CREATIVE NONFICTION, True Stories, Well Toldsays: “Unlike many magazines, Creative Nonfiction draws heavily from unsolicited submissions. Our editors believe that providing a platform for emerging writers and helping them find readers is an essential role of literary magazines, and it’s been our privilege to work with many fine writers early in their careers. A typical issue of CNF contains at least one essay by a previously unpublished writer.” Details HERE.
BRAIN MILL PRESS “is a small, innovative publisher actively dedicated to producing a catalog of human experiences of love — all kinds of love — with a story-first approach in multiple genres. We have open submission calls a few times a year, and we host the Driftless Unsolicited novella contest in the late spring. At other times, submission is via invitation only. We are particularly interested in submissions from people of color, LGBTQIA+ writers, and women.” DETAILS HERE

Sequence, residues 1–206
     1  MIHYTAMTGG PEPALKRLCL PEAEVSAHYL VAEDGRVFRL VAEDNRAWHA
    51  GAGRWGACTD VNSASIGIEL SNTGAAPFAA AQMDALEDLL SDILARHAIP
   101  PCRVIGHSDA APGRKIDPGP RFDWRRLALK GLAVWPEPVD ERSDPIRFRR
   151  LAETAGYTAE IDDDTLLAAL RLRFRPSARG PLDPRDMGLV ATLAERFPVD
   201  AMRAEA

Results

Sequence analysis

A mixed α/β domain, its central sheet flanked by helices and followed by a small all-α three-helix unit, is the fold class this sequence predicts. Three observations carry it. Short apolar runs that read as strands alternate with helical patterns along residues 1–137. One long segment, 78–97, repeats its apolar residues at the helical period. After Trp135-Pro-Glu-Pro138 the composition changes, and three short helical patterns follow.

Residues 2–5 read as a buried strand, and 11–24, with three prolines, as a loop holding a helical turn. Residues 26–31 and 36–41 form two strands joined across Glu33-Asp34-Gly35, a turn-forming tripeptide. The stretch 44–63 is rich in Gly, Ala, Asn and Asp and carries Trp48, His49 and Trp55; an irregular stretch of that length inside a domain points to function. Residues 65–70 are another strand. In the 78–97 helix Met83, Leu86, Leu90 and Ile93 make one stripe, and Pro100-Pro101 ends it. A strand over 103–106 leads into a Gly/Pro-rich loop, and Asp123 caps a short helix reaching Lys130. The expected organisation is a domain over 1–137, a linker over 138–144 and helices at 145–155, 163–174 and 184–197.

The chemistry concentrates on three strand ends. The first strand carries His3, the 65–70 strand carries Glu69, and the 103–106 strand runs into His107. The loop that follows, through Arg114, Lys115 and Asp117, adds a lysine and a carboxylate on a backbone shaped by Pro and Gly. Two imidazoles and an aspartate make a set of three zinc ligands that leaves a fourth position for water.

Brian Mill Press was founded “in 2014 by two bestselling authors with over twenty years’ experience in the publishing industry, Brain Mill Press is a midsize independent publisher of “love books for humans.” Our goal is to build a catalog of radically authentic stories and poetry about all facets of the human experience with love, understood as broadly as possible.”
BLUE LYRA REVIEW, A Literary Journal of Diverse Voicespublishes “poetry (short, longish, free, narrative, lyric or prose), creative nonfiction, translations, art, fiction, and book reviews. Second, what we are looking for is simple: something that burns us, moves us, and makes us want to reread it. However, we are not looking for horror or erotica or western or something that will be offensive (use your judgment!). Every editor says it but this should be your goal: leave us desiring more. Send us your very best!” Details HERE. Pay attention to their reading periods and submission deadlines. Details HERE.